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Wheels

Assembly
December 11, 2001
When adding tires to the wheels painted with metalizers, its easy to get metallizer paint on the to the tires. Either from the parts touching or from your fingers. To minimize this problem I put masking tape around the wheel that the tire will fit on. Weaken the tape's grip by sticking to you pant leg, etc. to reduce the tape's adhesion. I then slide the tire on. The tape acts as a shield to keep the tire from touching the painted wheel. Once the tire is in place, you can pull out the tape. If I do get metallizer on the tire side walls, I used a cotton bud dipped in lacquer thinner to clean off the paint.  


Decals
This is the technique used by Junt-Kong Chan to apply Tamiya's tire decals.

  1. Use a pen and ruler to draw on the back of the decal backing paper a line which runs through the center of all the decals (the '@' of the GOOD@YEAR or 'G' of EAGLE). Do this before cutting the decals out.
  2. Make sure the tire is clean of dust and dirt.
  3. Cut the decal out of the backing paper, make sure that the cut made is very close the the lettering printing, if possible cut into the clear portions just next to the printing. Now you'll have the piece of decal + backing roughly the size of the lettering.
  4. This is a little tougher, place one of the the decals on the tire. Don't wet the decal yet! Align until it looks 'right', I guess right probably means that
    • for GOOD@YEAR the 'G', 'Y' and '@' rest on roughly the same radius around the tire. This is usually on the peak of the tire sidewall.
    • same for EAGLE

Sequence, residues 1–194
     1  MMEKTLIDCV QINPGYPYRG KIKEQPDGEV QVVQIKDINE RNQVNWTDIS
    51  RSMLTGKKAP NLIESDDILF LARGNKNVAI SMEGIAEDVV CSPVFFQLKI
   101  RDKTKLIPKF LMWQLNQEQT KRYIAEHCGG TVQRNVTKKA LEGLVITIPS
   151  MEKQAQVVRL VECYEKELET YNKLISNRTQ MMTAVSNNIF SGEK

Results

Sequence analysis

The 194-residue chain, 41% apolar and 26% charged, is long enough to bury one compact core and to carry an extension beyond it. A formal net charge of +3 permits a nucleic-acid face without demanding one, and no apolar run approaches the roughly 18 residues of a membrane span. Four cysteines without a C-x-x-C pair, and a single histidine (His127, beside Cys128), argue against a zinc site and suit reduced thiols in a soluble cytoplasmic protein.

• or you can use a ruler to measure to some fixed points around the wheel (really, this is too much work!)
  5. Wet the decal with a wet finger and press down, careful not to move the decal out of place. Keep pressing down for about 3-5min (the longer the better) and it'll come off nicely. Let it dry before doing the next decal.
  6. Remember the markings behind the decal paper? Use a ruler and align the marking to the center of the first decal placed and center of wheel nut. Now you'll have GOOD@YEAR and EAGLE properly aligned on one side of the tyre.
  7. Sometimes I use the spokes of the wheel as points for alignment too.
If you have not noticed it, the placement of the printings on both sides of the tire sidewall in the real world is like this: Tire outside Tire outside
Outside Inside


Tire Mould Lines
If you build kits that have rubber or vinyl tires, there is an easy way to remove the centerline seam. Placing the wheel and tire assembly on a low speed power drill and run coarse sandpaper over the tire to remove it. Then use a finer sandpaper to give the tire a uniform "scrubbed" look. Don't use a high speed tool like a Dremel, it turns too fast and will generate a lot of heat that could damage the tire and you might injure yourself.


Tire Warmers
GP motorcycles use heated wheel covers to pre-heat the tires before going on the track so the motorcycles will not be running on cold tires. It is very simple to make these using facial tissue. Here is how to do it:

  • Cut several pieces of facial tissue (don't use bathroom tissue as it will disintegrate when you wet it) to the proper size.
  • Wrinkle up the tissue. Ball it up and smooth it out again.
  • Dip the tissue in a 50/50 mix of water and white glue.
  • Drape the wet tissue over the tire and use a blunt instrument (ie. eraser end of a pencil) to position it and wrinkle it up a bit.
  • Brush some thinned white glue over the tissue.
  • Let dry thoroughly and paint as usual.
  • Add wires, markings, etc. to finish the cover.

This is a technique used by military modellers to make bed rolls, sheets of canvas, etc. The thicker the material the more layers of tissue you should use. Looks very convincing once painted.

This technique could also be used to make rider's gloves, umbrellas, etc.


Valve Stems
Sooner or later you will break off a valve stem when cleaning up the mould lines on the wheels. Or when washing the wheels before painting.

To replace a value stem, simply CA glue a small length of wire to the original location. Then add a drop of Kristal Klear of white glue to the end of the wire. This will represent a cap. Once dry, you can shape the cap and then paint the valve stem.

 
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+/tips/wheels.htm
Last revised on: March 2, 2004
Copyright 1998-2003, Kenneth W. Hartlen. All rights reserved.

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